Health effects from pesticide use in Costa Rica : an epidemiologic approach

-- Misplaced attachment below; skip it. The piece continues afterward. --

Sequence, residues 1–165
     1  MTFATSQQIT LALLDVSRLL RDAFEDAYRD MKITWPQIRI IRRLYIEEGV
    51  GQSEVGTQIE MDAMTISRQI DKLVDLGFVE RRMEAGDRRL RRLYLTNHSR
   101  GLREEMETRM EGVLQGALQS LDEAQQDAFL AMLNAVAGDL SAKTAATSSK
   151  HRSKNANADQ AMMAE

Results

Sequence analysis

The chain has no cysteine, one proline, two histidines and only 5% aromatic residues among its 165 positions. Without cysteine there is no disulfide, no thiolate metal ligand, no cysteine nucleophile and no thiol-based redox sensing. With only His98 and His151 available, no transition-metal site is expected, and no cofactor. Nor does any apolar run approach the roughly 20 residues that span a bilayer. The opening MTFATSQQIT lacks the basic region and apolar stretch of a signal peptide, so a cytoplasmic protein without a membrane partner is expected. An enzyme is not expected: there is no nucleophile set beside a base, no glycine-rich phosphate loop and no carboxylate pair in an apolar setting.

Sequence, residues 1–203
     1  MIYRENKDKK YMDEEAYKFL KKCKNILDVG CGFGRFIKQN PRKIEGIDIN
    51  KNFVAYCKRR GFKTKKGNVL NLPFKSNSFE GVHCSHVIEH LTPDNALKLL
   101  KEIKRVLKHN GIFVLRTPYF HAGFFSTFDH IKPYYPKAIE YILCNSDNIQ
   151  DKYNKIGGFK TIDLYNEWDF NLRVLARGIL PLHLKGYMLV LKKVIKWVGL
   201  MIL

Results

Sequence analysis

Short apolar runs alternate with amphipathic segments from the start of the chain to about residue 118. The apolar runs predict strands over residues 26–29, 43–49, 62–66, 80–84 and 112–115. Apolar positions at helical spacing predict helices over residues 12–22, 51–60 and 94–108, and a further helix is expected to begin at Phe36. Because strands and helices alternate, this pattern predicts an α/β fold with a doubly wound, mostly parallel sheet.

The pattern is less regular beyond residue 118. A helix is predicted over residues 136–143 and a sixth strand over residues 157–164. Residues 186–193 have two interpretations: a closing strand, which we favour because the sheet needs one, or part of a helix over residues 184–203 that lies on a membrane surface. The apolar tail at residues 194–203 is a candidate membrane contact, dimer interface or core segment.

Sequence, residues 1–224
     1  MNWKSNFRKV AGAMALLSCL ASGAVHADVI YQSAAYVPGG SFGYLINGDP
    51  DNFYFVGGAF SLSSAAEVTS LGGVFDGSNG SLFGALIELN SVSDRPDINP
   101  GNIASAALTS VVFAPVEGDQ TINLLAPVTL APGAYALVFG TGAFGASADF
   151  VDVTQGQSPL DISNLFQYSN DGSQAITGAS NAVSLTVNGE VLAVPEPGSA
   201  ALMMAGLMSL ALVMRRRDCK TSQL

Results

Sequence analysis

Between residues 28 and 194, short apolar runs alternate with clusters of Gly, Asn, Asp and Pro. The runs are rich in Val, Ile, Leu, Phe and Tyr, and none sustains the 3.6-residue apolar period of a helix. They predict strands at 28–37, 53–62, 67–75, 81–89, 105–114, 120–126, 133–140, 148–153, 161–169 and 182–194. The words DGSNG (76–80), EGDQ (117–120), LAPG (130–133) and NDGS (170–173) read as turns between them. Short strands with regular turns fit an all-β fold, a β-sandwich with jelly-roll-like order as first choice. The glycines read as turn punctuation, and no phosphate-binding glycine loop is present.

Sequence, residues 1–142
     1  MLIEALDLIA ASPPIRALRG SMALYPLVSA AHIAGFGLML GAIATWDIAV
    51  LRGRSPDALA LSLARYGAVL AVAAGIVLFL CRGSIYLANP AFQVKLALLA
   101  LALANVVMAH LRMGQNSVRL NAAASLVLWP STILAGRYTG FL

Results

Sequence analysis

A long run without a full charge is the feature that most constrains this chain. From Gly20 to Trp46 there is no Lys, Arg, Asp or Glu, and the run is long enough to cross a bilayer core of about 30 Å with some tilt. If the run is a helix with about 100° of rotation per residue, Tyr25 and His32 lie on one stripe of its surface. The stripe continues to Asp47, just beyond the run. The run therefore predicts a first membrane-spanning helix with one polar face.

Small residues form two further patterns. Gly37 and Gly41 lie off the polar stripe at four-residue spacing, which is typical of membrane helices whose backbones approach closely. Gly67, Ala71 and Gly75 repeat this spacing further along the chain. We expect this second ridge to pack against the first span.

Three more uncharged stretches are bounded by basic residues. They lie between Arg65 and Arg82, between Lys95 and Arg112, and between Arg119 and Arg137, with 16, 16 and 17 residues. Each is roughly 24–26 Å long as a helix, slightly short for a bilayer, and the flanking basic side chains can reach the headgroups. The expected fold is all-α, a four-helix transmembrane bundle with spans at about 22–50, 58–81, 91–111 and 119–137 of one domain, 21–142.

Sammanfattning: The use of toxic pesticides is increasing in developing countries, often under unsafe conditions. Poisonings are a well known but underreported public health problem, and studies on long-term effects are sparse. Therefore, a survey was carried out to determine the incidence and the risk factors for pesticide poisonings in Costa Rica, integrating data from national registries of occupational accidents, hospitalizations, and fatalities between 1980-1986. A case series further assessed the exposures that can lead to a fatal outcome in nonintentional paraquat poisonings. A cross-sectional study among 211 banana plantation workers tested the hypothesis that chronic neurobehavioral deficits occur as a consequence of previous intoxication with cholinesterase inhibiting pesticides. An ecologic study tested the hypothesis that geographical differences in cancer incidence are associated with pesticide use. A cohort of 34,457 banana plantation workers with more than 400,000 person years was established to assess the cancer pattern among workers with a high level of exposure to pesticides (in particular dibromochloropropane), and to examine the feasibility of computerized record linkage between various registries in Costa Rica. In addition, health hazards from pesticide use in the Third World were reviewed, and some possibilities and limitations for epidemiologic research in developing countries were assessed. Cholinesterase inhibitors and paraquat caused the vast majority of the poisonings. Young workers, female workers and banana plantation workers were the groups at highest risk for occupational poisonings. Suicide as a cause of severe poisonings was less frequent than expected. It was estimated that, yearly, 1.5% of the agricultural workers suffer a work-related pesticide poisoning requiring medical attention. The case series suggested that paraquat may be fatal by dermal absorption of diluted paraquat, by ingestion of very low doses, and possibly by inhalation of diluted spray. Mild neurobehavioral deficits were found among previously poisoned workers, both by organophosphates and carbamates; after a poisoning, the workers seemed to become more susceptible to subsequent low dose exposures to cholinesterase inhibitors. Pesticide use was associated with increased cancer incidence in the most rural areas of Costa Rica, including lung and female hormone related cancers. Male banana plantation workers were at increased risk of melanoma and penile cancer, and female workers of cervical cancer and leukemia. Pesticides appear to be a public health problem throughout the Third World. Epidemiologic research to assess these problems is difficult because of methodological and infrastructure restrictions. However, high exposures provide good opportunities to carry out etiologic research; another advantage is that participation rates are often very high. Registry based studies may be feasible, but sometimes after costly improvements of the registries. This thesis indicates that pesticide exposure in Costa Rica is associated with an increased risk of various health effects.
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